Tannerís face clouded for an instant, and then she shrugged. "I bought her just before my last year of high school, and Iíve been working on her ever since. Itís probably the only thing Iíve really accomplished since then."

Adrienne didnít know what to say, so she made a suggestion instead. "Listen, how about if I give you a hand refitting the jib."

"Sure," Tanner responded, her grin returning. "But only if you promise to come for a sail with me."

"No," Adrienne said quickly.

"Why not?"

Adrienne regarded her for a moment, and then laughed. Suddenly she very much wanted to be out on this sailboat, in the sun, in the wind, away from her worries and her fears. "I donít know. Why not? Iíd actually love to go out on her."

Tanner grabbed her hand again and pulled her toward the ladder. "Come on, then. Letís get to work."

They worked easily together, pulling down the torn sail and restringing the new one. They didnít talk much, but Adrienne found the silence comfortable. It had gotten quite warm, and both she and Tanner were sweating. The physical exertion felt good. When they finished, she stepped back and surveyed their work with a feeling of accomplishment. She realized that she had missed that feeling. Missed life having some meaning beyond mere existence.

"Ready?" Tanner asked. When Adrienne nodded, Tanner asked, "Do you think you can handle the sails while I take her out of the harbor?"

"I think so."

Adrienne quickly got used to the rigging and winches as Tanner maneuvered them efficiently out of the crowded harbor toward the open sea. Adrienne found Tanner to be a decisive and neat sailor, wasting none of the wind and setting their sails to full advantage. They barely spoke as the craft moved swiftly out into the ocean, cutting a clean line parallel to the coast. Tanner led them into a secluded cove near one of the many islands that dotted the waters, and they dropped anchor.

"Why donít you relax for a while," Tanner called as she headed below deck. "Iíll be right back."

Adrienne made herself comfortable on the forward deck, and Tanner returned shortly with a tray of fruit and cheese and a bottle of chilled white wine.

"Brunch, anyone?" she called as she spread out a tablecloth and weighted it down with plates and two frosted glasses.

Adrienne smiled in appreciation. "Great idea," she said. She accepted the wine gratefully and stretched her long legs out in the sun. She sighed and surveyed the boat. "She sails wonderfully."

Tanner nodded. "I know. Youíre pretty good yourself. This afternoon youíll have to take the wheel."

"Iíd love to," Adrienne answered instantly. "Itís been a long time since Iíve sailed anything this big."

"You can handle her. Do you have your own boat?"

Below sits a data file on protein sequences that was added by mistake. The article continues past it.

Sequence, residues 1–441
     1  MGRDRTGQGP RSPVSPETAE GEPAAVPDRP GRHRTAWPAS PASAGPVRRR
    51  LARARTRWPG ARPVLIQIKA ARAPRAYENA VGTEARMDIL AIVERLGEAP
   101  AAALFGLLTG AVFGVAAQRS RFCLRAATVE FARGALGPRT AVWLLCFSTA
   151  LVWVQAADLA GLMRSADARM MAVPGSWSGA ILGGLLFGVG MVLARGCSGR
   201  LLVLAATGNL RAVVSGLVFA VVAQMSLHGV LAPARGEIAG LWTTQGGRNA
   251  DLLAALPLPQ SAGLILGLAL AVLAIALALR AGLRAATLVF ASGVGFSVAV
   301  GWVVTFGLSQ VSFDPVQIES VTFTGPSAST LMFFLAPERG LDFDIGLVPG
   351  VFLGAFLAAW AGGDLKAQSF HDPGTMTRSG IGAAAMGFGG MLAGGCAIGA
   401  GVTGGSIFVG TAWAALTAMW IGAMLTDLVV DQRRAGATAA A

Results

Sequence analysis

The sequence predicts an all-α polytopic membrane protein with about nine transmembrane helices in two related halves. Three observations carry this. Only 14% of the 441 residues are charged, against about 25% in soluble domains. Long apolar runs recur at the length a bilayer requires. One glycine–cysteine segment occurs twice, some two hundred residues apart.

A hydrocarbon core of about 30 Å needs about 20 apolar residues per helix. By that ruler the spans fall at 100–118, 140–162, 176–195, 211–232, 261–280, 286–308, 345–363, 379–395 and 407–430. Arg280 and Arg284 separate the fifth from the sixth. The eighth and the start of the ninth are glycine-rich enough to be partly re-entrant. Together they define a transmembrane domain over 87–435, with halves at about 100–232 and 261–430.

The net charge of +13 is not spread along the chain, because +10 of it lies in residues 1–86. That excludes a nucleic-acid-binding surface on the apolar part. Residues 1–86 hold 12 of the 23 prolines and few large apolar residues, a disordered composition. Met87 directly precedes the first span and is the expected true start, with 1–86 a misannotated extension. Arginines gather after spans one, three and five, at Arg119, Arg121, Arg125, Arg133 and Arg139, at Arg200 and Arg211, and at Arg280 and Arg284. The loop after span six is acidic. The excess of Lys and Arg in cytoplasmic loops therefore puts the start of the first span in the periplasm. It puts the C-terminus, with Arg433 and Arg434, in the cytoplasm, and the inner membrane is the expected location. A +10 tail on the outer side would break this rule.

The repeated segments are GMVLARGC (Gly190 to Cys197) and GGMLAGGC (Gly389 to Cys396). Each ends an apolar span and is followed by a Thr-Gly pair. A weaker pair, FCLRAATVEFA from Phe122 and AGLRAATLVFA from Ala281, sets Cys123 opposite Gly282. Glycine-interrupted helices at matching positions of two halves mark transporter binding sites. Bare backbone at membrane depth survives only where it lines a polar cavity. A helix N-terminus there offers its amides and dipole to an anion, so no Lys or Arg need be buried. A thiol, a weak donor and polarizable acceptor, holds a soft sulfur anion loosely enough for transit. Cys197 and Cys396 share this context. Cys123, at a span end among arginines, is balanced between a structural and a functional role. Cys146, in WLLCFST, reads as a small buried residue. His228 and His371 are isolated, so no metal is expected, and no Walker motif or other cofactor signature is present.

"Uh huh," Adrienne replied as she helped herself to some fruit. "A thirty-eight footer. Just right for long weekends. I used to spend as much time out on her as I could."

Tanner regarded her thoughtfully. "What did you doóin the Navy?"

"I was, am, a civil engineer. I went to college on the ROTC plan and went active as soon as I graduated."

"Did you like it?"

"Engineering or the Navy?"


"I enjoyed the work, and I like the organization of the Navy. It was very secureóat least professionally. It offered a lot of opportunity, despite its restrictions. And, of course, as an officer, I had a great deal of freedom. We lived in a house off base, right near the bay. I worked a pretty steady forty-hour week. It suited me." She finished self-consciously, realizing that she had said more than she had meant to. She had been so relaxed that she hadnít given it a second thought.

"Was it a problem, being a lesbian?" Tanner asked.

Adrienne laughed. "Being a lesbian? Or being a lesbian in the Navy?"

Tanner grinned back at her. "You know what I mean. Were you paranoid about it?"

"Sometimes. I led my own private life, and no one seemed to care. There were other gays, of course, both men and women. We were discreet, we had to be."

Tanner poured them some more wine and munched a cracker thoughtfully. "Sounds like a pretty good life in some ways."

"There's a lot that needs improving, but I knew that going in. "

"Soó" Tanner began.

Adrienne laughed good-naturedly. "Must you always ask so many questions?"

"Canít help it," Tanner replied. "I love details."

"Iíve noticed." Adrienne commented dryly. "And what about you? What do you do when you're not sailing?"

Tanner shrugged. "I pretend to help run the Whitley Corporation."


"I go into the headquarters now and then, but it's not serious. My father left my mother in charge."